The introduction of the New Homes Quality Code has brought with it a number of new rules and requirements for developers' pre-completion processes, including in relation to inspections.

The Code, which is administered by the New Homes Quality Board, applies to homes built by a registered developer which were reserved on or after the developer's registration date. We have considered in a previous article the differences between the new Code and the Consumer Code for Home Builders.

One such difference is that, unlike the Consumer Code, the New Homes Quality Code (the "Code") requires developers to allow customers to appoint a suitable qualified inspector to carry out a pre-completion inspection on their behalf.

Here are our top ten tips for housebuilders about the pre-completion inspection regime under the Code:

  1. The Code is specific about timing. Customers must be given an opportunity to visit their new home and have a pre-completion inspection carried out before completion and within five days after the notice to complete has been served. The developer and the customer can, however, agree that the inspection should be carried out earlier than this. Developers should be careful to ensure that any such agreement is documented and the customer should not be pressured to agree to an earlier date.
  2. The customer can't appoint just anyone to carry out the inspection. The Code provides that customers can appoint a "suitably qualified inspector" for this purpose. The NHQB's guidance for developers explains what is meant by this. In order to be suitably qualified, an individual must be a member of a recognised professional association undertaking surveying services in the residential housing sector – for example RICS or RPSA. They must also hold professional indemnity insurance and only work within their competency.
  3. Developers can refuse entry to inspectors who are not suitably qualified. If a developer decides that a proposed inspector is not suitably qualified then it can refuse them entry. In such an event, the developer should work with the customer to identify an alternative inspector who is suitably qualified. Developers should be prepared to justify their decision to refuse entry to an inspector to the New Homes Ombudsman if necessary.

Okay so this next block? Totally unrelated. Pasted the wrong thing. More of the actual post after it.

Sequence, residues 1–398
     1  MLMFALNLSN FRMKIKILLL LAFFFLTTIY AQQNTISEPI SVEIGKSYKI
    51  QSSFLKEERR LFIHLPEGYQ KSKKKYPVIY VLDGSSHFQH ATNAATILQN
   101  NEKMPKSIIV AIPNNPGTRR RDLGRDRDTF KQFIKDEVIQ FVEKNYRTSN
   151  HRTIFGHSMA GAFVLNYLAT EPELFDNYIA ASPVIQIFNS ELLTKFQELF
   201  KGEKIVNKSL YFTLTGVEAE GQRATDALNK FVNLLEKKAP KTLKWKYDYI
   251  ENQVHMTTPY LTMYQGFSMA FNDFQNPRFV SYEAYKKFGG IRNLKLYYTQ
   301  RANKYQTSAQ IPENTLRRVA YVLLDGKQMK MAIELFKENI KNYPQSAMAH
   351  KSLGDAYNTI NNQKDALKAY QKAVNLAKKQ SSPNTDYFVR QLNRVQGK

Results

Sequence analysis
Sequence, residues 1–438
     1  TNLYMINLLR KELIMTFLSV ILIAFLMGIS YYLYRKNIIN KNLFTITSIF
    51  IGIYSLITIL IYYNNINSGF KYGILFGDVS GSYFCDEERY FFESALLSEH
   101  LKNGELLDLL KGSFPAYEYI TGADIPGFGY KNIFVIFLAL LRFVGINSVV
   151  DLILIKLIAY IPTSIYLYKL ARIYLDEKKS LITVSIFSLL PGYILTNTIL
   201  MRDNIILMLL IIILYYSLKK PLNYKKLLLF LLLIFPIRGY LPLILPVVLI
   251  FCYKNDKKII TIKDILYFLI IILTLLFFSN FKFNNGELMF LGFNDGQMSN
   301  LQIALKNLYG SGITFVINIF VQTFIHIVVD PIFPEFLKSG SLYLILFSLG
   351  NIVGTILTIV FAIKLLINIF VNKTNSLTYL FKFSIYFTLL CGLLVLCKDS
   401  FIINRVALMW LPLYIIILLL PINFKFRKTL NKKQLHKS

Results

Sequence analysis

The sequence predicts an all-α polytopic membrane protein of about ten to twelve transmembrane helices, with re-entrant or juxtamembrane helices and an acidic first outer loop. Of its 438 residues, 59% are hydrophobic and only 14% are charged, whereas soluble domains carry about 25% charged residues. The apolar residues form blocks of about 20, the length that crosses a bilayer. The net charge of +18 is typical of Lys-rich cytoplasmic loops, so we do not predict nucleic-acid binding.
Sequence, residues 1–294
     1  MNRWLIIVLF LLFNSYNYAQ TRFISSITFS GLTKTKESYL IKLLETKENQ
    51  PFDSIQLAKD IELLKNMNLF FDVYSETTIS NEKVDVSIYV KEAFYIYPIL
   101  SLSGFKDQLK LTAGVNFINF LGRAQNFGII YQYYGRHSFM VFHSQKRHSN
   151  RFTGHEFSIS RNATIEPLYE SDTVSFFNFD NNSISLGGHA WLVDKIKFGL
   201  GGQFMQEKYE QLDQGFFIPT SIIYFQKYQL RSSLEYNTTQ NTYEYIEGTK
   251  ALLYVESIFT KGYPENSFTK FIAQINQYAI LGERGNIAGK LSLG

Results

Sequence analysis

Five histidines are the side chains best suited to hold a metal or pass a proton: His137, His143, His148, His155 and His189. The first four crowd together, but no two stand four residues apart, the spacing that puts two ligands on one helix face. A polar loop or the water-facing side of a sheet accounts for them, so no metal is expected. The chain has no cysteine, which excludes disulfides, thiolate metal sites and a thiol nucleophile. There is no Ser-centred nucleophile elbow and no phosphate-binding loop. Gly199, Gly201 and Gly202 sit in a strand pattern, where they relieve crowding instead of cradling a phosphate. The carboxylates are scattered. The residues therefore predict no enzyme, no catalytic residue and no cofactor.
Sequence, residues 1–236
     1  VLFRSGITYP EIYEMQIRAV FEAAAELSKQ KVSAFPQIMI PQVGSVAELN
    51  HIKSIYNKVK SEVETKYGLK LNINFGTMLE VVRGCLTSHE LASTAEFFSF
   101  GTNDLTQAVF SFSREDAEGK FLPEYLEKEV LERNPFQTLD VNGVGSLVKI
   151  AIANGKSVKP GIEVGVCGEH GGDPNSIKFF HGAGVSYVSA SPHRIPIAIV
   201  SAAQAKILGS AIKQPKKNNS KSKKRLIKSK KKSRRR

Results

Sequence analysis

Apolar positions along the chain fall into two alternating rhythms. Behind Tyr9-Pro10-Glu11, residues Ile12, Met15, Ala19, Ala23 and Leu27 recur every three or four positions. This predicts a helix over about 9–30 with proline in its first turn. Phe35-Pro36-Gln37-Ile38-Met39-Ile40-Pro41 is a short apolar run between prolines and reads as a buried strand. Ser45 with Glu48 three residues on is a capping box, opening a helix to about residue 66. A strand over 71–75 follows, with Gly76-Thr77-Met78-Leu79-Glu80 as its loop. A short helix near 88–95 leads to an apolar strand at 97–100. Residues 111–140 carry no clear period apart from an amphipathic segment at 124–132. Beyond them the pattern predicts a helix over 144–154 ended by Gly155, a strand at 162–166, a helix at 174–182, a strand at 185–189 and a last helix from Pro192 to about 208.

4. Inspectors don't have to be allowed unaccompanied access. A site manager or a member of the developer's team can be present during the inspection.
  5. Inspectors must use a standard template. It is a requirement of the Code that those undertaking pre-completion inspections use a standard checklist that has been produced for this purpose. While developers and surveyors can create their own "version" of the checklist – for instance a paper version bearing their company own logo or an electronic version that works with their internal systems – they should not change the content of the template.
  6. The inspection should not (normally) delay completion. Unless the inspector discovers a significant defect, any issues which are identified during the inspection should be dealt with effectively as snagging. Developers are encouraged, where practical, to remedy these snags before completion occurs. If that is not possible, however, the snagging issues should be dealt with in the normal fashion after completion. Customers are not entitled to refuse to complete on the basis of minor issues identified by their inspector.
  7. Don't forget health and safety. While developers are under an obligation to allow access for pre-completion inspections, they must also make sure that they comply with all relevant health and safety legislation in relation to site visits. In particular, customers and inspectors should be given appropriate guidance about any health and safety precautions they need to take while on site.
  8. The customer pays. One piece of good news for developers is that they do not need to foot the bill for pre-completion inspections. If a customer chooses to instruct an inspection then the customer alone is responsible for meeting the inspector's fees.
  9. Record-keeping is important. Since a failure to offer an opportunity for a pre-completion inspection can result in a breach of the Code, the developer should keep a record of when each customer has been told about their right to arrange an inspection. We anticipate that, in practice, this may be done at the reservation stage and again when a notice to complete is issued.
  10. If in doubt, get advice. As developers, customers and inspectors alike get used to pre-completion inspections under the new Code, unusual situations or disputes are bound to arise from time to time. Where necessary, developers should seek legal advice to ensure they comply with the Code and avoid an adverse decision of the New Homes Ombudsman.